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Several stacked alfajores on grey wire rack.

Alfajores Recipe

Alfajores are classic dulce de leche sandwich cookies from South America. Two soft, cornstarch rounds are filled with this gooey caramel-like spread and rolled in coconut. They're sweet with a melt-in-your-mouth quality. This is the best alfajores recipe from Argentina, an easy and authentic family recipe we've been making for decades. Also, check out our shortbread-style alfajores.

  • Total Time: 40 minutes
  • Yield: about 50 small rounds


  • 11 tablespoons (150g) of unsalted butter, at room temperature
  • 1 cup (200g) regular white sugar (not powdered sugar)
  • 2 egg yolks, at room temperature
  • 1 egg, at room temperature
  • 1 tablespoon cognac (or brandy or whiskey)
  • 1 cup (140g) all-purpose flour
  • 2 cups (250g) cornstarch
  • 1/2 teaspoon baking powder
  • Pinch of salt
  • A few drops of vanilla extract
  • Zest of 1/3 lemon
  • 1 cup of Dulce de leche (it should be the thick type or 'repostero') See Notes below
  • Unsweetened shredded coconut, for garnish (optional)


  1. Mix butter and sugar in a large bowl, until very creamy, using a spatula or handheld mixer, or a wooden spoon.
  2. Add egg yolks and whole egg and mix well to incorporate.
  3. Add cognac, vanilla, and lemon zest. Mix well.
  4. Add the sifted flour, baking powder, salt, and cornstarch gradually, mixing very well until no streaks of dry ingredients remain. The final dough will be very soft and silky but not sticky.
  5. Pat it into a disc, wrap the dough in plastic wrap or freezer sheets, and let it rest in the refrigerator for 30 minutes, like any sweet dough. At this point, it can be refrigerated for 3 days or frozen for a month, always well wrapped to prevent dryness.
  6. Preheat oven to 170ºC / 325ºF.
  7. On a floured surface, roll dough to ½ cm thick (about ¼ inch).
  8. Using a round cookie cutter, cut circles and place them on a buttered cookie tray or use a Silpat. In my experience, they tend to stick when using parchment paper, but then, all papers are different depending on where you live. Thickness and size are totally up to you; I suggest you try different combinations and see which one works best for your taste.
  9. Gather the scraps, roll them again and cut more alfajores cookies until you use up all the dough.
  10. Bake for 10-12 minutes or until barely starting to color. Let cool completely on a wire rack.
  11. Put a tablespoon of dulce de leche (with a spoon or with a piping bag) and fill one round, flat side up. Press lightly with another round, flat side down forming the alfajores.
  12. With the back of a small spoon, wipe any dulce de leche that has overflowed. This will leave a path for the coconut to stick.
  13. Put unsweetened coconut on a small plate and roll the alfajores so that they're evenly coated. Or leave the sides plain.
  14. Eat them and be happy.


  • Organization: read the recipe first and ensure you have ingredients at the correct temperature, equipment, and enough workspace. This will make the process so much easier.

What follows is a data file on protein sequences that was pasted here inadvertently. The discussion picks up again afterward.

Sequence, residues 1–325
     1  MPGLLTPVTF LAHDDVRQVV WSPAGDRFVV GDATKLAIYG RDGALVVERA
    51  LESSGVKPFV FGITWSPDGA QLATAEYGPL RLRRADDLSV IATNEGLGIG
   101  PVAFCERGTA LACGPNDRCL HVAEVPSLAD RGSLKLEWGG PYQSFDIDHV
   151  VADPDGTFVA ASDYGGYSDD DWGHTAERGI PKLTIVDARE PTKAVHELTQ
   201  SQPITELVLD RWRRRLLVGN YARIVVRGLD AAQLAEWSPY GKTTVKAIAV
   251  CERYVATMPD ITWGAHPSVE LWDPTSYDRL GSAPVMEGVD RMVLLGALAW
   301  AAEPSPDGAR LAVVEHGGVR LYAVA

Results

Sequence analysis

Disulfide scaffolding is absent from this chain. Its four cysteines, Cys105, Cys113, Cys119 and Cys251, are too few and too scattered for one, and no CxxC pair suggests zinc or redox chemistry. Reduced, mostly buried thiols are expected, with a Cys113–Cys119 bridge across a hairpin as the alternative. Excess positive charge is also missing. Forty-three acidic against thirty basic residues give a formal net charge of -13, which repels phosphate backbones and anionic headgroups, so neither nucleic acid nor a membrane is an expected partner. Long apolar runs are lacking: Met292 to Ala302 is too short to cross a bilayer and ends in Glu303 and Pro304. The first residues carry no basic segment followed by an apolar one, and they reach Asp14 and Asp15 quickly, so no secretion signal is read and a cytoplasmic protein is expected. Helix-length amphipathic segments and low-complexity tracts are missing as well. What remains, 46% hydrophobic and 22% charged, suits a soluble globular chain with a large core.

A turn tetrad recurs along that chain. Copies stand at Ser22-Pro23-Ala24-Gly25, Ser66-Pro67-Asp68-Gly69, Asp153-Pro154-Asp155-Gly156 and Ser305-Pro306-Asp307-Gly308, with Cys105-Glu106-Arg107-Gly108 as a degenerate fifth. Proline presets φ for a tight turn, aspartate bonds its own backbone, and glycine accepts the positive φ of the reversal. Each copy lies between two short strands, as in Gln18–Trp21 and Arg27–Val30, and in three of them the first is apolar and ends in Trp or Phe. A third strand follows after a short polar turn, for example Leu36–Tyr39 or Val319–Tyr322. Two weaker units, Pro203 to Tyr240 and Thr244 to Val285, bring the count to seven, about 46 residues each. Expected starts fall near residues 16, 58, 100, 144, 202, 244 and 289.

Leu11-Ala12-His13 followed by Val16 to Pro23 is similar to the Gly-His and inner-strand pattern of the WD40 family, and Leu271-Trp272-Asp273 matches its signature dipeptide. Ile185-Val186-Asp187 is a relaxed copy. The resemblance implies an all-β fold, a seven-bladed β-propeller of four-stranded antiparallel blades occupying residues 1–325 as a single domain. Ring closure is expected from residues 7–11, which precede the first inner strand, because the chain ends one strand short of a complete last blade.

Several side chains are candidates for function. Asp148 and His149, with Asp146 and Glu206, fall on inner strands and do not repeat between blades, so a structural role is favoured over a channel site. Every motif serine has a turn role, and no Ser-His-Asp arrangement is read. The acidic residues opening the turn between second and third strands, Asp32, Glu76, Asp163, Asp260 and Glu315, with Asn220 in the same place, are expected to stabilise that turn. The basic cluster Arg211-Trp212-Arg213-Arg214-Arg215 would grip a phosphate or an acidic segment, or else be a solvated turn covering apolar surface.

• Baking time: keep in mind that all ovens and pans are different, even if they look the same or very similar. The baking time in my recipes is as accurate as it can be, but it might take you more or less time. You can use a thermometer that is placed inside the oven (like the OXO oven thermometer) to check that your oven is at the right temperature. I recommend you keep track of how your oven works and what tiny details you might need to adjust. 
  • Make-ahead: as with most cookie doughs, it can be made ahead and kept for 4-5 days in the refrigerator or up to a month in the freezer. Always make sure you wrap it well in clingy plastic. Otherwise, the top layer will dry out. 
  • Keeping: the cookies keep well in an airtight container for about a week. Fill them several hours ahead of time so they have time to soften a little. Take into account that the dulce de leche transfers moisture to the cornstarch cookies, softening them a little. And it's a good thing. 
  • Dulce de leche: the type of dulce de leche you use is everything if you want the filling not to leak after you assemble the alfajores. We use what is called 'repostero' which loosely translates to pastry dulce de leche, because it's used for baking and confections. It's thickened, similar to peanut butter, so it will never drip. The best brand is Vacalin dulce de leche repostero, which you can buy online and is the one most of us use here. I highly recommend it. 
  • Size and thickness: they can be made as small 2-inch rounds or up to 4 inches. Play around with size and thickness until you find your favorite. 
  • Fillings: when you say alfajores it's implied that they will have a dulce de leche filling. But you can use jams or ganache or cookie butter spreads, or nut butter. In that case, we specify the filling when we name them, like quince jam alfajores, or chocolate mousse alfajores. 
  • Here's a great recipe for gluten-free alfajores in case you need it.
  • Author: Paula Montenegro
  • Prep Time: 30 minutes
  • Cook Time: 10 minutes
  • Category: Cookies
  • Method: Baking
  • Cuisine: Argentinian

Keywords: alfajores, cornstarch alfajores